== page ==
The Beta65 Pro is a 1s Brushless micro quadcopter from BetaFPV. A few months ago, we took a look at a different whoop-sized brushless micro, which fell quite a bit short of our expectations. Today, we’re giving another company a shot at the same formula—and they’ve presented us a product with considerably more success. BetaFPV provided this sample for review.
Features, Specs, and What’s Included
The Beta65 Pro features:
- 65mm “tiny whoop”-class ducted frame (31mm 4-bladed prop)
- 0603 19000 Kv brushless motors
- 4× 5A ESCs with BLHeli_S (DShot capable)
- Optional integrated receiver
- Full Betaflight F4 FC (preflashed with Betaflight 3.4.0)
- Betaflight OSD
- Voltage sensing
- 25mW 48-channel VTx (with Raceband)
- 120° micro camera
- Telemetry ready
- Powered by 1S
Included in the box is the quad and a battery. You don’t get the usual niceties like spare props and a battery charger, nor do you get the usual array of frippery like a prop puller, screwdriver, or stickers. A manual? Not here. Receiver options are FrSky, DSMX, S-FHSS, or none. We’re looking at the FrSky version, which can operate in either D8 or D16 mode.
The base on which BetaFPV’s micro is built is a frame of their own design. It’s obviously inspired by NewBeeDrone’s Cockroach with the sizing and position of various items, but there’s enough difference when you look at the details to know that BetaFPV is putting thought into their own creation and not simply trying to profit off someone else’s work. The frame appears pretty durable and is double-reinforced in many places, yet the weight stays under 4g. There are a few weak points, though; I have a snapped strut at the top of my battery holder area. It shouldn’t affect the frame rigidity much but might cause the battery to wobble around a bit more. Try to avoid breaking it when pressing the bind or boot buttons.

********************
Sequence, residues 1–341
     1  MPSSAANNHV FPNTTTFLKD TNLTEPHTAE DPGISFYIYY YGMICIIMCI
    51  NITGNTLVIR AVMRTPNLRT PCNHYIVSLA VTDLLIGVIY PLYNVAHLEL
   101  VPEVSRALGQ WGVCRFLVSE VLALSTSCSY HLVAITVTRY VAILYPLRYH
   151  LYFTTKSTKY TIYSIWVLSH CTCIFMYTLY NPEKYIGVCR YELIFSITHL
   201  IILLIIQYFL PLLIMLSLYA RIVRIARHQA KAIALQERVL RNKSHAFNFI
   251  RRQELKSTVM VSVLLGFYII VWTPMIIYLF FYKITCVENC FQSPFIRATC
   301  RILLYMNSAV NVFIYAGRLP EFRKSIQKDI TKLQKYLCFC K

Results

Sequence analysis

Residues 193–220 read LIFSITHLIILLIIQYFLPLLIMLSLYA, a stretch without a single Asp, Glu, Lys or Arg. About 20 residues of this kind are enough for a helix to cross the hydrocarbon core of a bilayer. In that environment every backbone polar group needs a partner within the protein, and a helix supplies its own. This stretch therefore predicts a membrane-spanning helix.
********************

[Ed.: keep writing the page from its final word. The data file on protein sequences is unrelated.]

My Beta65 Pro came with the second version of the frame, but if you order the frame directly you’ll get the third revision with added tabs that deflect crashes away from the propellers. It’s encouraging to see this kind of ongoing development. This 3rd version also has a redesigned battery holder, but I’m not sure it would make a difference where the strut on mine let go.
Tiny 0603 motors provide thrust through four-bladed 31mm props. Each motor is claimed to produce 19000Kv and has an open-bottom design. This is another area where you can tell BetaFPV is trying to innovate. Their first motors had issues with the motor bells coming off. A second iteration laser-welded the motor bottom so separating them was impossible. The third version, included with the Beta65 Pro, has tiny E-clips similar to many larger brushless motors. Also among the updates to this most recent motor is a change to curved magnets, reducing the distance between magnet and coil down to where it would be difficult to slide paper in between. The motors are wired into connectors, so you get two wired for CW and two for CCW.
The props aren’t a direct copy of the Inductrix, either; the pitch appears similar, but the blades have a more pronounced curve and a wider tip, giving more surface area at the outside edge, and they also have a slightly extended tip underneath. Breaking props on a whoop almost never happens, but BetaFPV doesn’t provide spares. Don’t rely on your existing whoop collection for drop-in spares, either. These motors have a 1.0mm shaft, which is 0.2mm wider than most.
The flight controller is an F4 board with ESCs, OSD, and optional integrated receiver. F4 chips, already the standard in full-size controllers, are becoming common in the micro space as well. It’s preflashed with Betaflight 3.4.0. There are, and always will be, arguments about what software flies best—but bringing the micros in line with the dominant open source firmware of our time means you get the fastest feature development and bug fixes. If you absolutely want the best flight characteristics for a whoop-sized craft, take a look at Project Mockingbird. (Though I’m sure someone will tell me it wasn’t designed with brushless in mind.)